Why you get Stuck in your Violin Progress
Do you feel your violin playing has reached a plateau?
Are you afraid that ‘this is all’ and that you lack the talent?
It was in the fourth year of conservatory that my playing only seemed to get worse
It was even worse than getting stuck. After spending hours on an etude, it just got worse. I was so frustrated, my teacher put a lot of pressure on me and I thought I could never graduate. If there was an excuse to skip the lesson, I did it. I didn’t have any progress to show anway.
After months of struggling, I finally found the way to get massive progress
I switched teacher and it appeared that the previous teacher who humiliated my had taught me a lot of wrong things. Once these were corrected, my playing skyrockeded and I could play virtuoso stuff I thought I could never play. Two years later I graduated succesfully as a violinist.
Tips to break through your plateau and get fast progress
1 Get back to the basics
In my fourth year at the conservatory, I had to get back to the basics. I changed my violin hold, the way I place my left hand fingers and the weight in my bow. This allowed me to learn very advanced techniques.
No matter your level, if you get stuck, look on how you can improve your basic technique. Even if you’re not a beginner, my free beginner course for the violin could be helpful to you. Ask yourself:
- Do I hold my violin and bow in a way that supports my playing? Lots of people get stuck, because their hold gets them to a certain level, but not beyond.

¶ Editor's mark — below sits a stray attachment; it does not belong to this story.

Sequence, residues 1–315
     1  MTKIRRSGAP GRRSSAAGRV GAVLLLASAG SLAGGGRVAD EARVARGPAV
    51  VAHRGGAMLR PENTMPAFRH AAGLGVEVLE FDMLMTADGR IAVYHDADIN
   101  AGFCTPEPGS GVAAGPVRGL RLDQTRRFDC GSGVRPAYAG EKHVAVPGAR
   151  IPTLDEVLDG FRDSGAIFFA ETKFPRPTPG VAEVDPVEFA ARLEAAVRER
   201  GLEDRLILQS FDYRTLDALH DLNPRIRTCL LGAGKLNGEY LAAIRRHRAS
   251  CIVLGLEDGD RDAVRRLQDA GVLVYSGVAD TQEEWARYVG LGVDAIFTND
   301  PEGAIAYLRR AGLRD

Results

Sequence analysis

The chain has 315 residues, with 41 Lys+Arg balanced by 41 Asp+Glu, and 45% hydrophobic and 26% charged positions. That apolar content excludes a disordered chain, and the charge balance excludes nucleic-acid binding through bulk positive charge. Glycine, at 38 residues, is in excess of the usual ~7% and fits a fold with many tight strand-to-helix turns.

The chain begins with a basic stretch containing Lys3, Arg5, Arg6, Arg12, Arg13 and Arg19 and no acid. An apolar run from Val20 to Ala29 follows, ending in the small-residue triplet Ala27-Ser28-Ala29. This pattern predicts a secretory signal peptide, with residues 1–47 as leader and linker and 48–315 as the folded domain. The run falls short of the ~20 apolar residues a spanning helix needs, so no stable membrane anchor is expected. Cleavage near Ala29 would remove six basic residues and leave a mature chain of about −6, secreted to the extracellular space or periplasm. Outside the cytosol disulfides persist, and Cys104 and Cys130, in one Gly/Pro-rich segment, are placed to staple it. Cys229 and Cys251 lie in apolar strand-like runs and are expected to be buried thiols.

- Is my left hand moving efficiently or are there movements that can be smaller or more effective and secure?
- Are my bowing basics right: bowing straight, movement in your wrist and fingers and creating a sustained full sound?
A true master shows in the basics. Don’t feel ‘too good’ to go back to them and refine them further. This is something you will do in many stages of your playing.
Hi! I'm Zlata
Classical violinist helping you overcome technical struggles and play with feeling by improving your bow technique.
2. Practice consistently
When I was stuck on the violin, it was very hard to find motivation to practice. I kept going. I kept practicing for hours every day despite of seeing NO results for months. Accept that this is also part of your learning progress. The results will come. Don’t give up.
A lot of people never learn a certain technique, because they try and stop when they don’t master it instantly. This happens a lot with vibrato. A lot of violin players can do ‘sort of’ vibrato, but they aren’t happy with it. However, they think they don’t have to do those vibrato exercises anymore, because they ‘know them already’.
To stay with this example: vibrato needs a step by step plan of specific exercises done a couple of minutes daily. Those who just try out stuff once in a while, don’t get the results. If you want to learn more about this, sign up for my free mini masterclass ‘Learn a Beautiful Vibrato on the Violin’.
Be very honest to yourself and ask yourself: Do I really do what it takes? Or do I do what’s convenient?
3. Check out different resources
I’ve had lots of different teachers in the decades I play violin. I learned different things from all of them. Take the best things with you and leave the rest. See what works for YOU. When learning the violin, you shouldn’t use one source of information. Have a lesson with a different teacher once in a while, watch a YouTube video, read a book, look what your favorite soloist does and try out different things yourself.
Have you been stuck in your violin progress?
Share your experiences in the comments below!